Grandmother Masai


A old woman camp in to the medical camp yesterday. We called her “Grandmother Masai”. I have no idea how old she was, most likely, she didn’t know how old she was either, but I would guess her age at somewhere between 95 and 100. She was a tiny woman just over 4 feet tall and her body looked like one of the Masai “stick figures” that you can buy in the local market. She walked into the camp but could barely stand and she was incoherent. Dr. Cadera quickly determined that she was critically dehydrated and on the verge of death, so he rigged a field IV and began to give her fluids. We hung the IV from the rafters and had the woman sit down. After about a half an hour she rallied a bit and called one of our staff (Lucy Kamau) over for a chat. She said “This thing that the Dr. has put into my arm pains me and makes me afraid”. Then she said, “Where is the water going? I keep looking under my arm for swelling!. Lucy explained to the old woman who apparently had never had or seen an IV that the water was going through the veins in her arm and was now refreshing her whole body, even her brain and her legs. As the second IV was dripping she perked up and began to feel a whole lot better. She called Lucy over and said “You know, I was alive, but I felt like I was dead! Now I am beginning to feel alive again! If you would like to see her face you can go to Ben Sterciuc’s Facebook page (https://www.facebook.com/BenSterciuc/videos/10155292955800707/), because he made a little video of Grandmother Masai and the Mzungu (white man). It was such a blessing to see this woman walking home with her strength restored.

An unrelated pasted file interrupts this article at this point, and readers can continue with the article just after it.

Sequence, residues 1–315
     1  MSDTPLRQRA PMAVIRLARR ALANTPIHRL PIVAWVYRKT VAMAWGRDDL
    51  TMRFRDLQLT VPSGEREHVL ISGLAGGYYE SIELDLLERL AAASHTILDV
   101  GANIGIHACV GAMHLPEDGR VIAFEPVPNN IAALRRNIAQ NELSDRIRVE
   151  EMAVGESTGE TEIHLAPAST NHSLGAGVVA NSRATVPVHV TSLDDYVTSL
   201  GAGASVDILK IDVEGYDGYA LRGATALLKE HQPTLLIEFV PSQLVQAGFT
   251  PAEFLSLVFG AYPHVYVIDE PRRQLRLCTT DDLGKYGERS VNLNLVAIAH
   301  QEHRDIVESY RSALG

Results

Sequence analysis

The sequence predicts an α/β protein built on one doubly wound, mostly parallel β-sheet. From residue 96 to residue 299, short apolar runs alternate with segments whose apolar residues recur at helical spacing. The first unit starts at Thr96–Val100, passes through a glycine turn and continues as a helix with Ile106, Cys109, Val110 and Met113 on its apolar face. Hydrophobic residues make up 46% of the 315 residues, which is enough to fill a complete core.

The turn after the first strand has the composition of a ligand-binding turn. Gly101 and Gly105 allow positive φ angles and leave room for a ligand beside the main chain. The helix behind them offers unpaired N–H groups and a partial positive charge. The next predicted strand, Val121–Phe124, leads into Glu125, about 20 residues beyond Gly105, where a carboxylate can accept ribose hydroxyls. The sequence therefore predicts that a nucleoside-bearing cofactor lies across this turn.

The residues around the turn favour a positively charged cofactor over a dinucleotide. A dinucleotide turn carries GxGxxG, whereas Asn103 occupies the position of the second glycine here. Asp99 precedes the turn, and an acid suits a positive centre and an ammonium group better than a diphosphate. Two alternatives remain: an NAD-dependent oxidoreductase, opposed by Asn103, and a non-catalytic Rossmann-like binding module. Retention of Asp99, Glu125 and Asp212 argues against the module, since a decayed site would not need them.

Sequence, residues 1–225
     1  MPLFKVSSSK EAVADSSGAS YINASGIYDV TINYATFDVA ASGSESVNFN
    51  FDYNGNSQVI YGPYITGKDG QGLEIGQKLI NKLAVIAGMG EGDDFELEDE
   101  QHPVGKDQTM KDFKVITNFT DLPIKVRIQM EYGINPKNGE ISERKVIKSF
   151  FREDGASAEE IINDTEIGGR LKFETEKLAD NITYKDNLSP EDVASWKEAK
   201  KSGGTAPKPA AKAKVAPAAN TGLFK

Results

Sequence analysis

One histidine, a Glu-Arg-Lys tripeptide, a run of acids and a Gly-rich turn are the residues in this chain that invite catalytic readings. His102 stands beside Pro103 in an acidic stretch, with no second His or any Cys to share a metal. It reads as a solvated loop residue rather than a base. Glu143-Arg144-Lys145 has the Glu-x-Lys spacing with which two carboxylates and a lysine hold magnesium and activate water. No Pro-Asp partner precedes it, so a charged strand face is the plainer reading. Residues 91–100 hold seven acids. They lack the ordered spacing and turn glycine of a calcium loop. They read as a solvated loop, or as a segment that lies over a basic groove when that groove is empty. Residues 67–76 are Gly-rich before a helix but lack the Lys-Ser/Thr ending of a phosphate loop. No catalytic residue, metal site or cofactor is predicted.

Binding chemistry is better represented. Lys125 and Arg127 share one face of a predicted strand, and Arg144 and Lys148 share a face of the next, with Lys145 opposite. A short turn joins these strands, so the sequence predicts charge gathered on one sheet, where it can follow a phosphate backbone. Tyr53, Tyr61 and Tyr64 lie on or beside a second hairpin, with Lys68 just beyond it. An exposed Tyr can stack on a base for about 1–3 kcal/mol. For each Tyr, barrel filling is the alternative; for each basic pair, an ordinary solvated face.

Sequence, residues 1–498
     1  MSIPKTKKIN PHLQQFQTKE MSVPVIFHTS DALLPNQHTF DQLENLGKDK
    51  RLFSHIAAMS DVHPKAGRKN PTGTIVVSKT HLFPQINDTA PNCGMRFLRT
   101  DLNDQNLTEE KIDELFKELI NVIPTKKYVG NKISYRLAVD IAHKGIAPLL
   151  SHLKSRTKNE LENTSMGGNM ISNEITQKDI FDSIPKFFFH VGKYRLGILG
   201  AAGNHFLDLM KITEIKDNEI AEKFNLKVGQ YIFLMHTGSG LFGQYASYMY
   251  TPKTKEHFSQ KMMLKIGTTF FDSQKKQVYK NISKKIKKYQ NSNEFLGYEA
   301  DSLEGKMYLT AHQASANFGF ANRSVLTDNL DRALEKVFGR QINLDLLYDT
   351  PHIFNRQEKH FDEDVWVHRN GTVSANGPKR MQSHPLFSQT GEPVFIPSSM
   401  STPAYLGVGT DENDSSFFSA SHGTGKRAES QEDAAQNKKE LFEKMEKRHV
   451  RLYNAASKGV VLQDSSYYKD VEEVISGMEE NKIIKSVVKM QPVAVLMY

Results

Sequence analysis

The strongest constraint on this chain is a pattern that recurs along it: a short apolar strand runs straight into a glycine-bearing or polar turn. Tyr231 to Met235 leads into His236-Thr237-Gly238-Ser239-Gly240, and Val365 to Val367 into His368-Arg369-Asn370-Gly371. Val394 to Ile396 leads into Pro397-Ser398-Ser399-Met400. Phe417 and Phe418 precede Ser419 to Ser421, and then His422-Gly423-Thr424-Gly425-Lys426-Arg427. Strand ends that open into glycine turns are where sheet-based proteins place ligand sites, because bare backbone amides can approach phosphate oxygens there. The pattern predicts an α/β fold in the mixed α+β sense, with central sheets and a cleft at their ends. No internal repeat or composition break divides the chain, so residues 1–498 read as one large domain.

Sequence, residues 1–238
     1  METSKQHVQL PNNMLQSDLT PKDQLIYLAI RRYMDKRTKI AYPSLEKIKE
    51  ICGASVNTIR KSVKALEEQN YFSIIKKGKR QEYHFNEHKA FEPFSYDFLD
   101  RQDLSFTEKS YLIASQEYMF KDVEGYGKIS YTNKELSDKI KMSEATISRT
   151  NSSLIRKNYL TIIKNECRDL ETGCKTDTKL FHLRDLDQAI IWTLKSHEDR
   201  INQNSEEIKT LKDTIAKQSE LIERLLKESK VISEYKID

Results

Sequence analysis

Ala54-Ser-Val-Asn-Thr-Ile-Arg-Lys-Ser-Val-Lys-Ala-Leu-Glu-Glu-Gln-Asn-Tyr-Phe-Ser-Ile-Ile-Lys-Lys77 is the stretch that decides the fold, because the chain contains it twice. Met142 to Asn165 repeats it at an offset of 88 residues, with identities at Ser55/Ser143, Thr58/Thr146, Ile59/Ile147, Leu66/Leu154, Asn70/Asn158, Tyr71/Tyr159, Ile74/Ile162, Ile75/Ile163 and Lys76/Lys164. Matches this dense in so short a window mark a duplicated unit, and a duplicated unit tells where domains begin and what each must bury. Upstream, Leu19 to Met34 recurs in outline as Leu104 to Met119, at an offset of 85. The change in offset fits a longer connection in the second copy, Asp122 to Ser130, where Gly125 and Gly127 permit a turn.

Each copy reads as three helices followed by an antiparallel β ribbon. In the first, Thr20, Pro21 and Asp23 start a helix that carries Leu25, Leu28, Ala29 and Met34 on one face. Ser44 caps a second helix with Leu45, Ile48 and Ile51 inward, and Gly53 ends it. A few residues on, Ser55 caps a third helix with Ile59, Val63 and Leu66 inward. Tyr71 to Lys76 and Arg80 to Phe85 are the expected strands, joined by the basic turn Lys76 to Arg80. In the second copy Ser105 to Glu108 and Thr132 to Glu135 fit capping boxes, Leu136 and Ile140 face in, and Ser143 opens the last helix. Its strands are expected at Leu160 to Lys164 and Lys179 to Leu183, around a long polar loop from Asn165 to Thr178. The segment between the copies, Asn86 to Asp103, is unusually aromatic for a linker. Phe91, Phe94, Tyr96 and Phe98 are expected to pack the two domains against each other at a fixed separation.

About mid-day a man came into the camp with a large tumor on his side. Normally we don’t do minor surgeries in the camp, but Dr. Cadera, being a man from the bush, told him to come back at the end of the day and he would remove the tumor. For some reason all the nurses were very excited about this. They all wanted to watch! So sure enough, at the end of the day, we laid the man out on a table and the surgery began. All the nurses and dozens of Masai men and women crowded around the widows and doors of the room to watch the procedure and they all cheered when Dr. Cadera removed the tumor whole out of the man’s side. One of our Nurses, Amber Collins, stepped up and asked if she could do the stitching. Nurses are not allowed to do minor surgery, but they are allowed to attend to wounds and do stitching. So with a huge crowd of people around her watching, she did the first stitching of her life. I admire her confidence as she just ignored the crowd and did an excellent job. The man rose from the table smiling and it was a great way to end the day.